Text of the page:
The Quran says: “You are members, one of another.” (3:195)
The following Hadith gives an apt description of the role of women: Men and women are two equal halves of a single unit. (Al Tirmizi)
The Quran says that men are in charge of, that is, they are ‘maintainers’ of women (4:34)-This leads to a common misconception that Islam gives a higher status to men than women. When did being maintainers become the same as being superior in status?
  An example given in Quran about the woman who was strong enough to rule was given with reference to the people of Sheba. They lived in Yemen. The famous dam of Marib made their country very prosperous and enabled it to attain a high degree of civilization. The Quran tells us that they were ruled by a woman (27:23) without disapproving of her rule. Bilqis, the Queen of Sheba was very wise and sagacious. It is an accepted principle with the commentators of the Quran that when the Quran reports something without any disapproval, that means that has been approved of. Thus the example of the Queen of Sheba having found mention in the Quran shows that rulership is not man’s monopoly.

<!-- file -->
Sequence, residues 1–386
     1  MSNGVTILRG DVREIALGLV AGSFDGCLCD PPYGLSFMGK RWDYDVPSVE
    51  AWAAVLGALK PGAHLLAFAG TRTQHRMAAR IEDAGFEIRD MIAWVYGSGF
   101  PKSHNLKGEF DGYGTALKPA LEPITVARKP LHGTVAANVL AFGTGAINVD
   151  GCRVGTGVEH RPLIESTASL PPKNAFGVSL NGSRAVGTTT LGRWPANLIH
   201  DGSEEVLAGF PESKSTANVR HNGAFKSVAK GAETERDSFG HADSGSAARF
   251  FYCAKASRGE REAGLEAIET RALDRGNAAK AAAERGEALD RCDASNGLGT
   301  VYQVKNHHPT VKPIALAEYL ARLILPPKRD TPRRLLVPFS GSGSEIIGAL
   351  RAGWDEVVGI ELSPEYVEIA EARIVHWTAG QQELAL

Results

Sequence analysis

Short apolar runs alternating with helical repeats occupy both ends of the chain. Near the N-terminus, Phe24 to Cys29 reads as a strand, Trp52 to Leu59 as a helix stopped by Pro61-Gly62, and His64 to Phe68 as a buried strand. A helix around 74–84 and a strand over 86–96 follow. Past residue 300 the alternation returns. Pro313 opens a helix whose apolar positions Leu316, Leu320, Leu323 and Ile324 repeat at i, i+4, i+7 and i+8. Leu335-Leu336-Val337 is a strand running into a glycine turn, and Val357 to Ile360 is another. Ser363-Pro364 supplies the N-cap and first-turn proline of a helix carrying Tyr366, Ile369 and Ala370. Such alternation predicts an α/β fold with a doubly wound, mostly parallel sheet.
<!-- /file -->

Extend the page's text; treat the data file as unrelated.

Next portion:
Of all the Qur’anic passages about men and women perhaps the one most often misunderstood or misused by both Muslims and non-Muslims is verse 34 of Surah an-Nisa. That verse is the one they all like painting wrong because it states, men are ‘qawwam’ over women. ‘Qawwam‘, they translate as superior. This made a huge confusion for a long time till it was cleared. The clarification was the addition of a bracket, which said (in responsibility) The verse begins with the statement that “men are qawwamun over women”. The root of the key word, qawwamun (pl. of qawwam), is qama which means “to stand or to make something stand or to establish something”. It is often used in the Holy Qur’an in the sense of establishing religion or prayer. A related word is qa’im which means “one who stands or makes something stand”. Qawwam is an intensive form of qa’im and has a sense of continuity in the action involved. So it means one who is continuously standing over something (as, for example, a guard or caretaker) or one who is continuously making something stand, i.e. is maintaining it. In the Qur’anic usage of qawwam and related words there is almost always present an idea of propriety. For example, aqamah of salah is not only praying but also praying properly. The function of qawwam is also understood in the Qur’an to be characterized by fairness. Thus in 4:134 and 5:8, the only other passages in the Qur’an where the word is used, the believers are told: “O you who believe! Be qawwamin with fairness…” “O you who believe! Be qawwamin for God as witnesses to fairness…” From the statement that God has favored men more than women in some ways we should not conclude, as many careless readers of the Qur’an do, that Islam views men superior to women. For this statement does not exclude the possibility that in some other ways women may be favored more than men. In the words of the Holy Qur’an: “The nobler among you in the sight of God is the more muttaqi (righteous) among you.”